How To Lighten Your Leadership Load
2 years ago
IN THIS VIDEO:
00:19 Those With The Least Constraints…WIN!
00:38 Thousands Of Success Stories Prove The Secret To Winning
01:16 It’s Not The Lowest, It’s The Least
02:18 The Meaning Of Personal Growth
03:23 How To Lighten Your Leadership Load Today
In my previous videos, we discussed the first four laws in the Five Laws of Personal Constraints. If you haven’t watched them yet, go to my previous blogs to watch it now.
Here’s Law Five: Those with the Least Constraints…WIN!
Here we get to the heart of Overcoming Personal Constraints (OPC): the reward for the removal of our constraints. We have been able to prove year after year with thousands of success stories, that people and teams of people who actively choose to identify and remove their personal constraints will fare better than those who do not. It boils down to physics: the lighter the load you carry, the farther you can go. This final law provides hope. You can do something about your current situation that will also have an impact on your future.
But it gets slightly tricky here, so follow me. I am not saying that people with the lowest number of constraints win, but rather, those who learn to minimize or eradicate significant constraints win. A significant constraint is one that gets in the way on a regular basis and causes damage to relationships and your ability to produce great work. Those with the fewest significant constraints will outperform those with a greater number of significant constraints.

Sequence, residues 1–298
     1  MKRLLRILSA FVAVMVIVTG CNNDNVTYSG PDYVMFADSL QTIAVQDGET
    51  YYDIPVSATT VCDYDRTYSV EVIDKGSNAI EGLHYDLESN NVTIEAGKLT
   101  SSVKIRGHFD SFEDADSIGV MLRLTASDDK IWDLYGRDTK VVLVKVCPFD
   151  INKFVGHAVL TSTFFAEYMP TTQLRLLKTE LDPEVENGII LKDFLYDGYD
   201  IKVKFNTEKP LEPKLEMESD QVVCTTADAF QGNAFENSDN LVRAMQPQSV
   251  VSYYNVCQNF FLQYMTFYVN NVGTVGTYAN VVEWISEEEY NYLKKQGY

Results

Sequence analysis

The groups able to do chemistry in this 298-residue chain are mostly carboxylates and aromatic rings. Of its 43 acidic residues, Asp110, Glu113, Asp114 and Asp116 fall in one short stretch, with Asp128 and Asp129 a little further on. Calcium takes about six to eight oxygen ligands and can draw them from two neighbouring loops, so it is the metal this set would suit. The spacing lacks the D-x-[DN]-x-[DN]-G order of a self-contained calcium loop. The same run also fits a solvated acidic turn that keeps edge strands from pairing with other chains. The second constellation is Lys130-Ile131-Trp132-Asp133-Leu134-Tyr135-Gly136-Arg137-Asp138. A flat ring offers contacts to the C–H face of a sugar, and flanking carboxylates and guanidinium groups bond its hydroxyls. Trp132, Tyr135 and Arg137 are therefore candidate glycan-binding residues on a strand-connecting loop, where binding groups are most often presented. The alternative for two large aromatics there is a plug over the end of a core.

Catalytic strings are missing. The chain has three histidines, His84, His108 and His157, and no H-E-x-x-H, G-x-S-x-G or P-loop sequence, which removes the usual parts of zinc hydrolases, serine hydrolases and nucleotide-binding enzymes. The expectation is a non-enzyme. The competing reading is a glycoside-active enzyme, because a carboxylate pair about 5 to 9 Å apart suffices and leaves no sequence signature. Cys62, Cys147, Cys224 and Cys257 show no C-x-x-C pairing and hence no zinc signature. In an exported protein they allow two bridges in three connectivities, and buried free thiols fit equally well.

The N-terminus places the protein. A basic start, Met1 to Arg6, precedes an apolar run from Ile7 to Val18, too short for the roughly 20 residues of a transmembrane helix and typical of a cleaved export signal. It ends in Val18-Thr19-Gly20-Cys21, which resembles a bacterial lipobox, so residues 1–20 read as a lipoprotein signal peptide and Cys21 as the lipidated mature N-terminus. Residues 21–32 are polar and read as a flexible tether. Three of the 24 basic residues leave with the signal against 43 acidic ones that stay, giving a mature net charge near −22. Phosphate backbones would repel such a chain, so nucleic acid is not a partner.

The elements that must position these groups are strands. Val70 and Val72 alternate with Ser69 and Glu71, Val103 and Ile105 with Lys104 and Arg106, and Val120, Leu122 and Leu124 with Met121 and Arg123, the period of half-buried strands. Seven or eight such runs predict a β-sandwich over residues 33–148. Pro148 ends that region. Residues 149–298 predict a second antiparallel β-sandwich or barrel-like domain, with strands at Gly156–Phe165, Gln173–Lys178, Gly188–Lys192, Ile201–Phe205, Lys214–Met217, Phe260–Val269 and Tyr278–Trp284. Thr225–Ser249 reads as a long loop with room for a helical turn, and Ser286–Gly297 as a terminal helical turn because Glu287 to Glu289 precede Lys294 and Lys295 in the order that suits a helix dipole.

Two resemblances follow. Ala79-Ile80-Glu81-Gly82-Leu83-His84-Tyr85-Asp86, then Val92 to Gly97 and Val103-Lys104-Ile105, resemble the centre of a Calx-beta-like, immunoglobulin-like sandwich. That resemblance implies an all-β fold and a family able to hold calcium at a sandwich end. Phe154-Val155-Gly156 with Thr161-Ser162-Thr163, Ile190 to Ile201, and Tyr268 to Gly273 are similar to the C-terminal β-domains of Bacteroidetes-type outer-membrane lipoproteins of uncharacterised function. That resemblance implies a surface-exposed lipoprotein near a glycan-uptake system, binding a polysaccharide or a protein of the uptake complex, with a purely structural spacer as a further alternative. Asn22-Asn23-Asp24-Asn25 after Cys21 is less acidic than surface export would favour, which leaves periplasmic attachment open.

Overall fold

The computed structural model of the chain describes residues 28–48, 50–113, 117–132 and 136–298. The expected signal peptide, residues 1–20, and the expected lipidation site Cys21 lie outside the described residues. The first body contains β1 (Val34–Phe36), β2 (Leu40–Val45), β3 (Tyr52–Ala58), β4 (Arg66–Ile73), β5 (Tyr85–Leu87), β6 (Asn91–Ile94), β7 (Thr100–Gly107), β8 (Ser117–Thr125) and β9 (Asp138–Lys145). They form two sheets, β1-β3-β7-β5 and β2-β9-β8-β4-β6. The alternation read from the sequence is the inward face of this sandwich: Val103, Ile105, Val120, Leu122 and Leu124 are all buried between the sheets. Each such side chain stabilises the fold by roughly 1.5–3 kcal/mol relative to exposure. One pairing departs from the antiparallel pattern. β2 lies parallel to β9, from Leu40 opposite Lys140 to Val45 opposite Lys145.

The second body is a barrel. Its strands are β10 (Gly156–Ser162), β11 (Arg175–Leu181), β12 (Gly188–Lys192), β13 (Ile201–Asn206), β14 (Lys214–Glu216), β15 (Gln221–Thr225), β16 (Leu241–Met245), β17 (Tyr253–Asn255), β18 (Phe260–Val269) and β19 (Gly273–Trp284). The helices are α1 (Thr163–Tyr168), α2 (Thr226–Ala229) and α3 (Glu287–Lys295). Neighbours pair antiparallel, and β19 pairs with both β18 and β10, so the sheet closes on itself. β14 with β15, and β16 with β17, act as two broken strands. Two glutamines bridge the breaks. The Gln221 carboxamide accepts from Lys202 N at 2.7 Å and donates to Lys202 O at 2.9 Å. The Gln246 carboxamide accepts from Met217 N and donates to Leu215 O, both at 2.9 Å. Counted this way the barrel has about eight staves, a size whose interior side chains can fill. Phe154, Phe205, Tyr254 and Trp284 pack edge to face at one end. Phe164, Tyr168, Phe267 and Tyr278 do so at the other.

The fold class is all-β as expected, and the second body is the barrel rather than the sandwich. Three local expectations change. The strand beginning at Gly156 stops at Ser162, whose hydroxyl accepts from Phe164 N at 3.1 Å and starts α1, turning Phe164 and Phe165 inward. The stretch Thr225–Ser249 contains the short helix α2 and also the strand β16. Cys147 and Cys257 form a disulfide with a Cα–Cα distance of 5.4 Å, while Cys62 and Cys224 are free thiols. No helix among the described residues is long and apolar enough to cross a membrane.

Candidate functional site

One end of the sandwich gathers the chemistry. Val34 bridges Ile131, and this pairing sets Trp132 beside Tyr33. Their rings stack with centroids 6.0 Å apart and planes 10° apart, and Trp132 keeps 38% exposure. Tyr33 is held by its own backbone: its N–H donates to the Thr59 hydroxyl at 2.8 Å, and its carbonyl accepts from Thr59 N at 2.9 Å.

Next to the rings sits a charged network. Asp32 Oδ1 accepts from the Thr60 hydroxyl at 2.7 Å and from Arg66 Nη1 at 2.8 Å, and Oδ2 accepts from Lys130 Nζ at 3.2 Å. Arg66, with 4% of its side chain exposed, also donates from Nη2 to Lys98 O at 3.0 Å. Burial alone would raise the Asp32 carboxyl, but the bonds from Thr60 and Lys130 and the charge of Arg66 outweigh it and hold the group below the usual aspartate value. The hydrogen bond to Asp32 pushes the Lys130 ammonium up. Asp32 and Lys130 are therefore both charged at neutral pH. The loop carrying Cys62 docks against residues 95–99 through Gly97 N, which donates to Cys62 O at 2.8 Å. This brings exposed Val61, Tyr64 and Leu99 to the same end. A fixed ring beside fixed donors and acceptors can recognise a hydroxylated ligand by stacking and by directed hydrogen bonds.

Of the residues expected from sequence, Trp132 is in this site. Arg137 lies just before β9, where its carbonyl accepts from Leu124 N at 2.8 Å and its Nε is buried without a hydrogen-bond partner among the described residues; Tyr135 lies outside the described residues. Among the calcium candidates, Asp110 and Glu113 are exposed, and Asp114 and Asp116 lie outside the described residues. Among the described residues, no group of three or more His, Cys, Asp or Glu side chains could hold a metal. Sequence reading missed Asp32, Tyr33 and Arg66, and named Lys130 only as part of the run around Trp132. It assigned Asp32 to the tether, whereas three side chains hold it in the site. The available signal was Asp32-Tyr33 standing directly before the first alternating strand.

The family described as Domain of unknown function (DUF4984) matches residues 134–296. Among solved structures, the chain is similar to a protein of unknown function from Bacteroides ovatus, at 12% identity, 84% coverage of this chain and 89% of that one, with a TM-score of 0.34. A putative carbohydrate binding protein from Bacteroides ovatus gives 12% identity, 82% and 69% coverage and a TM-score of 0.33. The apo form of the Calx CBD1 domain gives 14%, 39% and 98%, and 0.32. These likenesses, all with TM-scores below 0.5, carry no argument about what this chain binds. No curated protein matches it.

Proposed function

It is true that many people are simply born with fewer personal constraints than others. For example, Vern Hazard, one of my staff members, has been an international model and traveled all over the world. Vern is handsome, athletic, and an English scholar, as well. Most of us don’t come with the gifts and talents that he naturally possesses. But being born with fewer personal limitations and constraints is not the same as personal growth.
Personal growth refers to working on the behaviors in your life that keep you from living to your full potential.
One of my good friends, Mark Stiles, uses a baseball analogy that I find most appropriate for this picture. He says, “There are guys who were born on third base but are convinced they hit a triple.” Being born with advantage, family influence, talents, gifts, and abilities is not the same as personal growth, nor should we confuse someone who comes loaded with these attributes with someone who has learned how to use his gifts in valuable ways. Vern works hard to be the best at everything he does. Yes, he’s gifted, but it’s his passion and drive that set him apart.
Ultimately, improving yourself and your team is about winning. By winning I don’t mean that you compete in races or make the most money. I mean that you become your personal best. That you win at being you—the best you there is.
If you want to lighten your leadership load, request your free test drive of Leadership Multiplier today.